Purpose of the Land Use Plan
To describe the community’s vision for the forests and wilderness…
The Land Use Plan describes the community’s vision for the future of the forests and wilderness of the traditional territory.
To protect and manage the forests and wilderness…
The Plan sets out how to achieve the community’s vision by protecting and managing the Nation’s land for the benefit of present and future generations.
A snapshot of what’s in the Draft Plan
A Community Vision of the land and how to care for it (See part 3 below for detail)
Based on interviews of members of the community, the plan identifies the values and uses of the land that members care deeply about, and their land management priorities.
Four types of Land Use Zones (See parts 4, 5 and 6, below for more detail)
Maps divide the forest and wilderness of the territory into “zones” to be managed for the uses or values that the community has identified as important. Each zone has its own management priorities.
Forest Stewardship Zone:
- Managed for many uses such as cultural uses, forestry, hunting, tourism, outdoor education etc.
- Includes most of the traditional territory
- 2 areas within the Forest Stewardship Zone
- Areas where special care has to be taken to protect wildlife and cultural value
- 2 areas within the Forest Stewardship Zone
- Need efforts to restore natural values that have been compromised by logging and other development
Kwa kwayx welh-aynexws
(Wild Spirit Places):
- 5 areas that should be managed to retain their wilderness values and for the cultural and for cultural and spiritual use
- There should be no industrial development in these areas
Economic Development Priorities (See part 7 below)
The plan emphasizes the need for more training and meaningful employment opportunities for Squamish Nation members, especially from forestry and tourism.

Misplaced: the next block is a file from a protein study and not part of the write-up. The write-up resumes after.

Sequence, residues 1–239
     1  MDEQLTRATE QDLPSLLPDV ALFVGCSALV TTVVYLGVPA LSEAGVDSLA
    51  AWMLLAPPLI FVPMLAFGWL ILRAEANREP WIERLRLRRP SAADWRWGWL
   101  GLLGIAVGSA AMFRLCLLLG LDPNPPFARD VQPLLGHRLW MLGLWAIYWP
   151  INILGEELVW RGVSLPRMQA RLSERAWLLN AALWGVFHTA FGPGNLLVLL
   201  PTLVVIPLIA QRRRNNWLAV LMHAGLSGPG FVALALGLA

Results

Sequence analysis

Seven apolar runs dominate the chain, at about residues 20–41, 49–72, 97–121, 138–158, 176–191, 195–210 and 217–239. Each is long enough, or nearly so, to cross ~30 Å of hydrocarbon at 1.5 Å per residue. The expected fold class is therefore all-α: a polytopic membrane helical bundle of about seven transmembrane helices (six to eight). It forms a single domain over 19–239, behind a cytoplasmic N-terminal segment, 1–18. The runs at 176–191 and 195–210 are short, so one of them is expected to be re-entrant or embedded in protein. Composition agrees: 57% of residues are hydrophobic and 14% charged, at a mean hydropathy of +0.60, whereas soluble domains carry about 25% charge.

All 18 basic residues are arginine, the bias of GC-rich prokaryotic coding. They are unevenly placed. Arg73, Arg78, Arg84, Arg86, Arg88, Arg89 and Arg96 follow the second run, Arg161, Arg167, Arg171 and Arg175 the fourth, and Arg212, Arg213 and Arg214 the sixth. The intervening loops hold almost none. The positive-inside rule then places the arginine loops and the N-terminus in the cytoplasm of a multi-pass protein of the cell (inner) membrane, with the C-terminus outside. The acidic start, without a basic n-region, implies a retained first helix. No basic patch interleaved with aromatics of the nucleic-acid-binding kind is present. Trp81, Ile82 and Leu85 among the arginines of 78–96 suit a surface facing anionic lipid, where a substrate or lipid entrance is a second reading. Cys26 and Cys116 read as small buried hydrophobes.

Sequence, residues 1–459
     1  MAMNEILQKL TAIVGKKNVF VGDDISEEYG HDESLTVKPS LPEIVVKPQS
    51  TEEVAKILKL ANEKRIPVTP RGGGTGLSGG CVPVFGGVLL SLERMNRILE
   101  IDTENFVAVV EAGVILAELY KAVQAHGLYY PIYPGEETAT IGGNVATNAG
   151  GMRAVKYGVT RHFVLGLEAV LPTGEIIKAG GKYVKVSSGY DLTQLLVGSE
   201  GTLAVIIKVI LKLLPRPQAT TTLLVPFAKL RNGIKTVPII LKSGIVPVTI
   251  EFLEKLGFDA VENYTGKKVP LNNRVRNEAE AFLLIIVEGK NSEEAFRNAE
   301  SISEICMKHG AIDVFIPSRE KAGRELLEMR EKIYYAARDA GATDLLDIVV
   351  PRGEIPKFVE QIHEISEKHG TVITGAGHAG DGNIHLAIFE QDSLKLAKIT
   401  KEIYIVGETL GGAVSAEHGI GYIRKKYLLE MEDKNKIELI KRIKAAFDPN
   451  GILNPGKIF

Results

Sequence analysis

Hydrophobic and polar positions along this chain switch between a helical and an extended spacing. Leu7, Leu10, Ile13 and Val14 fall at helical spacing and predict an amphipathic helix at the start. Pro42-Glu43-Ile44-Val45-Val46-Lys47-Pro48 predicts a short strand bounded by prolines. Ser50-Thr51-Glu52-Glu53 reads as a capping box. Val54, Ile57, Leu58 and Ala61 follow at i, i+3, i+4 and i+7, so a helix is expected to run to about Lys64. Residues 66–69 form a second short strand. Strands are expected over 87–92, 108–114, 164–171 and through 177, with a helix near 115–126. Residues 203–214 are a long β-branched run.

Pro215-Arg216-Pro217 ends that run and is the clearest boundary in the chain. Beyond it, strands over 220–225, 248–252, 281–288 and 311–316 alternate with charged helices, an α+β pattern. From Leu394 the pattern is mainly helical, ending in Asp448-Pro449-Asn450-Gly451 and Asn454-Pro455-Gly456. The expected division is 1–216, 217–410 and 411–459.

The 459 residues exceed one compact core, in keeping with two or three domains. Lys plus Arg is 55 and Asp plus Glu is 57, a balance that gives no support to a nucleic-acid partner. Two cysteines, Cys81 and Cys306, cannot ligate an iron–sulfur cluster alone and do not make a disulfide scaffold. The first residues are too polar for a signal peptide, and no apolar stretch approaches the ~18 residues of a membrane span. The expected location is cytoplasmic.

Values and uses of the land that members care deeply about…
Values and uses of the forest and wilderness of the Squamish traditional territory that community members care deeply about include:
- secluded places for traditional cultural practices (e.g., storing regalia, vision quests);
- wildlife and wildlife habitat, especially mountain goats, grizzly bears, and animals for food such as moose and deer;
- fish for fishing, and healthy rivers and streams;
- clean air, and clean water for drinking, for the ecosystem and for ritual bathing;
- resources from which Squamish members can earn a living, such as forestry and tourism; and,
- places to heal, recover and re-connect with the land.
The most important priorities in managing the forest and wilderness of the Squamish traditional territory include:
- protecting the rights and interests of the Squamish people;
- sustaining the traditional territory for our children’s children – seven generations;
- planning ahead instead of always reacting to problems and conflicts;
- protecting heritage, traditional use, sacred and cultural sites;
- protecting old growth forests;
- providing opportunities for hunting, fishing and gathering;
- repairing damage to the land and water, and reducing soil, water and air pollution;
- getting Squamish Nation members into the traditional territory for health, education, recreation, spiritual and cultural purposes, including camps for children and youth;
- regulating tourism, and minimizing impacts of tourism and recreation, while increasing benefits to Squamish members (e.g., as guides in ecotourism); and,
- getting Squamish members more involved in resource management.
Forest Stewardship Zone